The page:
Valerie C. Dickerson, partner, Washington National Tax, Deloitte Tax LLP, Washington DC, +1 202 220 2693
Steve West, managing director, California technical lead, Deloitte Tax LLP, Los Angeles, +1 213 688 5339
Kent Strader, managing director, Deloitte Tax LLP, Los Angeles, +1 415 783 4579
Shirley J. Wei, senior manager, California technical/controversy lead, Deloitte Tax LLP, Los Angeles, +1 213 553 1715
Multistate Tax alert archive
The Multistate Tax alert archive includes external tax alerts issued by Deloitte Tax LLP's Multistate Tax practice during the last three years. These external alerts highlight selected developments involving state tax legislative, judicial, and administrative matters. The alerts provide a brief summary of specific multistate developments relevant to taxpayers, tax professionals, and other interested persons.
View the list of archived Multistate Tax alerts.
1 The Gillette Company, et. al. v. California Franchise Tax Board, Docket No. 15-1442, available here.
2 California Supreme Court Case No. S206587. The California Supreme Court’s decision is discussed in more detail in our
Multistate Tax Alert, dated January 6, 2016, available here.
3 Gillette v. FTB, Petition for Writ of Certiorari.
4 U.S. Supreme Court Order List, p. 9 (Oct. 11, 2016), available here.
5 See U.S. Supreme Court Rules, Rule 44.2, available here. Generally, a petition for rehearing of the Court’s order denying a petition for writ of certiorari must be filed within twenty-five days from the date of the order and the time to file such petition will not be extended. The grounds upon which a petition for rehearing is filed is limited to “intervening circumstances of a substantial or controlling effect” or “other substantial grounds not previously presented.”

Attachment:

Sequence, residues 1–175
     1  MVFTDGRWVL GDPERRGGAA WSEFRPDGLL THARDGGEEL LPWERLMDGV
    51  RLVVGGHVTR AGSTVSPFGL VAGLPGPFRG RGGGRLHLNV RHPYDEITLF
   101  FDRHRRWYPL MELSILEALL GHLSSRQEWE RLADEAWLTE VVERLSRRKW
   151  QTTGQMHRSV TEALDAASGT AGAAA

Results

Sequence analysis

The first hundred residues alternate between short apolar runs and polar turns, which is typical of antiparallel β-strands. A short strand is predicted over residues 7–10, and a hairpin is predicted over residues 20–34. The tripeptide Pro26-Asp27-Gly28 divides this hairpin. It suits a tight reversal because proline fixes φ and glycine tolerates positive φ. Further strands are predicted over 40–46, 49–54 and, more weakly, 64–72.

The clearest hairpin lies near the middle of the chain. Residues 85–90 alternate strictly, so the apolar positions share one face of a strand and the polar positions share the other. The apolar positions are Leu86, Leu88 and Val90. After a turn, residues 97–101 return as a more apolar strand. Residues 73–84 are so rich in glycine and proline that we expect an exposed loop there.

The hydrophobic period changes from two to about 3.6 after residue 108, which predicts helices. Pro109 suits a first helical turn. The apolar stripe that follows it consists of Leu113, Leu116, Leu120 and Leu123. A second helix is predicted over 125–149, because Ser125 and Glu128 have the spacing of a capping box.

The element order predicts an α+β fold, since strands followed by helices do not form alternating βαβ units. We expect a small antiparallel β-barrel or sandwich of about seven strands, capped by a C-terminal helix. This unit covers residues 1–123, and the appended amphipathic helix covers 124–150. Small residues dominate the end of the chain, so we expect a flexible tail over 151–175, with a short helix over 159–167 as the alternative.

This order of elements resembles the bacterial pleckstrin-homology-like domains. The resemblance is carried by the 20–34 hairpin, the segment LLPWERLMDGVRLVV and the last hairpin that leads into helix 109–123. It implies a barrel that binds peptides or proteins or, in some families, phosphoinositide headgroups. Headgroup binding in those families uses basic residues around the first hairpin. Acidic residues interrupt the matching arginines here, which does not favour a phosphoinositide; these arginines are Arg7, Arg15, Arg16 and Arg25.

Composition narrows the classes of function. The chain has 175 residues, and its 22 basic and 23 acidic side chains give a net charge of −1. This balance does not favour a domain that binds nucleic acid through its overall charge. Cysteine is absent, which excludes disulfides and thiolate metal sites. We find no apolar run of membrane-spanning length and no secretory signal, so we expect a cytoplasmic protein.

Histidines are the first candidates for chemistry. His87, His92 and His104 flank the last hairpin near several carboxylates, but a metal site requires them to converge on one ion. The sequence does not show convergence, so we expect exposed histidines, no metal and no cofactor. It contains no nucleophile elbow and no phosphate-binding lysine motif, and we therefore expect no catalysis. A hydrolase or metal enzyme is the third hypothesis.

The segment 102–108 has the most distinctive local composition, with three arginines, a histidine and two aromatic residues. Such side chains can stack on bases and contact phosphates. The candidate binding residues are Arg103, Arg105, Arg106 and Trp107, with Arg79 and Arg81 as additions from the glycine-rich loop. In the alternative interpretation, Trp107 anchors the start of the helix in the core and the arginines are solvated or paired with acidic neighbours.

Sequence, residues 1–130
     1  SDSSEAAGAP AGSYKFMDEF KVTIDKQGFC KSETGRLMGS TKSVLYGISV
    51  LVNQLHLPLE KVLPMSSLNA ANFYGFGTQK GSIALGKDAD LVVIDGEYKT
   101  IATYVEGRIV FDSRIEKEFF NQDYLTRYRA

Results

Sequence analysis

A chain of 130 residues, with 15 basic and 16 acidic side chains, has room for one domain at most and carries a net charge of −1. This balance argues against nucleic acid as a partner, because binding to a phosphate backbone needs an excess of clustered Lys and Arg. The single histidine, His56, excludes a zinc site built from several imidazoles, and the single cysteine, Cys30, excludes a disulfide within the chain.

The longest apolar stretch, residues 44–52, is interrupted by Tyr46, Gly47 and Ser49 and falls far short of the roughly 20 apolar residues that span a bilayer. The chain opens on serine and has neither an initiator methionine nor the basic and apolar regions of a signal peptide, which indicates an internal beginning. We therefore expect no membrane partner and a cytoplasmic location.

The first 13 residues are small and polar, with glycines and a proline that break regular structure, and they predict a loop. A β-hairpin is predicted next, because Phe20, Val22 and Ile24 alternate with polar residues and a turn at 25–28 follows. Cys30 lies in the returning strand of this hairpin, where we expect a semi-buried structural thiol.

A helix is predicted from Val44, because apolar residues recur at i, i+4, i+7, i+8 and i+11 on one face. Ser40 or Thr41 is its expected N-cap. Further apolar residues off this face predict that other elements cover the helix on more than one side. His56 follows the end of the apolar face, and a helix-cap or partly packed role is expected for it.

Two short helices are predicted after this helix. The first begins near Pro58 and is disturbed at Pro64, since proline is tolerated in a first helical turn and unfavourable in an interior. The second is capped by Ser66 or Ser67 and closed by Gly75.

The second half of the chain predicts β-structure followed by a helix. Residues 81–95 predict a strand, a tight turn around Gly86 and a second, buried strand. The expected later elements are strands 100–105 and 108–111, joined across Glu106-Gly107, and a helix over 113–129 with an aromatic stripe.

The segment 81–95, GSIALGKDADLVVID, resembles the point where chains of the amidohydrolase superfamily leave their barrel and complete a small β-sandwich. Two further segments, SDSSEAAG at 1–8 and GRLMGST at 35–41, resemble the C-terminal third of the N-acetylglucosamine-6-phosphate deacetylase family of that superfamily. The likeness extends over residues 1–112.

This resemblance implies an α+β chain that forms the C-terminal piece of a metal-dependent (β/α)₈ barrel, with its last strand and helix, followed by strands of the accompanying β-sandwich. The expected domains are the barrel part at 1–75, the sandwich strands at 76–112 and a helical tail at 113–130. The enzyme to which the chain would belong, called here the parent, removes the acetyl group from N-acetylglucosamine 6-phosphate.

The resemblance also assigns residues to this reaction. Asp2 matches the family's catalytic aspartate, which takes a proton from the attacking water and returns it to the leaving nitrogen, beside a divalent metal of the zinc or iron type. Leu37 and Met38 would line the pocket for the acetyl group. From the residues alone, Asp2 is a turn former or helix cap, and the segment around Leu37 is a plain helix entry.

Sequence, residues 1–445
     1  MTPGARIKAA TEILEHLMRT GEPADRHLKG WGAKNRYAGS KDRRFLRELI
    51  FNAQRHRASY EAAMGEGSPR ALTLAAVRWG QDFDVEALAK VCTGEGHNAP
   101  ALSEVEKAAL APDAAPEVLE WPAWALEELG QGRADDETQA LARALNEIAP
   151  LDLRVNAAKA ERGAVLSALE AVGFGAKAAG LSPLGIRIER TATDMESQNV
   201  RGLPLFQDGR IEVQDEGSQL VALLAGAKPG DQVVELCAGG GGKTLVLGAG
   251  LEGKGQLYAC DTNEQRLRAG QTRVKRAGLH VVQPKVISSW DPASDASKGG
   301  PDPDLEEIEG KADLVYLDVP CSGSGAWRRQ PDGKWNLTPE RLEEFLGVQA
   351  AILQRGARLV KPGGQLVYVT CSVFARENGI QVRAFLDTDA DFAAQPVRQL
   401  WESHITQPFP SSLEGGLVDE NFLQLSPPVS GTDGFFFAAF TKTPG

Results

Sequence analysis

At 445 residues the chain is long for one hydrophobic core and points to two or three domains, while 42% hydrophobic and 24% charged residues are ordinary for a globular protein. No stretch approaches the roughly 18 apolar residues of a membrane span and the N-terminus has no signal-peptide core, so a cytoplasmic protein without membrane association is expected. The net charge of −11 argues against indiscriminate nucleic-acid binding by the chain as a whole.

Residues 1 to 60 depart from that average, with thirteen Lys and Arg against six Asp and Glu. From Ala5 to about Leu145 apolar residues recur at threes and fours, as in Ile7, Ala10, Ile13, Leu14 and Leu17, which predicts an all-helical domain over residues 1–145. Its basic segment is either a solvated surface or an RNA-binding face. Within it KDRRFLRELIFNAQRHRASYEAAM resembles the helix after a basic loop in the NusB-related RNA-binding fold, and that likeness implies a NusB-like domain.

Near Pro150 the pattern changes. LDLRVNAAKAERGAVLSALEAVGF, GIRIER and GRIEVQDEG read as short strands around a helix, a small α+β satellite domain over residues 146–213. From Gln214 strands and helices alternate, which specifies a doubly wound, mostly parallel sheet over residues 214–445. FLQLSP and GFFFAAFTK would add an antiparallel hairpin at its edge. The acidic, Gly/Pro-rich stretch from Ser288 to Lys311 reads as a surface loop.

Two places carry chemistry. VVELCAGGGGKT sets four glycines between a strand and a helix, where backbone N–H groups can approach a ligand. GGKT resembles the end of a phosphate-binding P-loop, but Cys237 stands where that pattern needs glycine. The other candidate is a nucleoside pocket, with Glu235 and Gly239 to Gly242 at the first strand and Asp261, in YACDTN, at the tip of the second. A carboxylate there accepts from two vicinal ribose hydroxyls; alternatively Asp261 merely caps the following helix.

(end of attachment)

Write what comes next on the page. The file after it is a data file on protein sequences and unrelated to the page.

6 Although the California Supreme Court’s decision could be read to address the Compact Election in its entirety, the issue involved in the case dealt only with taxpayers seeking to make the Compact Election for purposes of applying the equally weighted, three-factor apportionment formula. Some companies have made or considered making the Compact Election for other, non-factor weighing applications of the Compact’s allocation and apportionment provisions such as the definition of “gross receipts,” allocation of certain nonbusiness gains and losses, and others. Such taxpayers may need to reconsider, in consultation with their qualified tax advisers, the viability of such positions given the broad references to the Compact in the decision.
7 Gillette Commercial Operations North America and Subsidiaries, et al., v. Michigan Department of Revenue, Docket No. 16A263, available here. On June 24, 2016, the Michigan Supreme Court denied the taxpayers’ application for leave to appeal the Michigan Court of Appeals’ September 29, 2015, decision that upheld the lower court’s decision that the enactment of Public Act 282 of 2014 (PA 282) retroactively rescinded Michigan’s membership in the Multistate Tax Compact effective January 1, 2008. The Court of Appeals ruled that the enactment of PA 282 did not violate the state or federal Contract Clause, did not violate the state or federal Due Process Clause, did not violate the federal Commerce Clause, and did not violate any procedural and substantive provisions of the Michigan Constitution. The Michigan Court of Appeals decision is discussed in our Multistate Tax Alert, dated October 21, 2015, available here.
8 Gillette v. Michigan Department of Revenue, Docket No. 16A263, available here.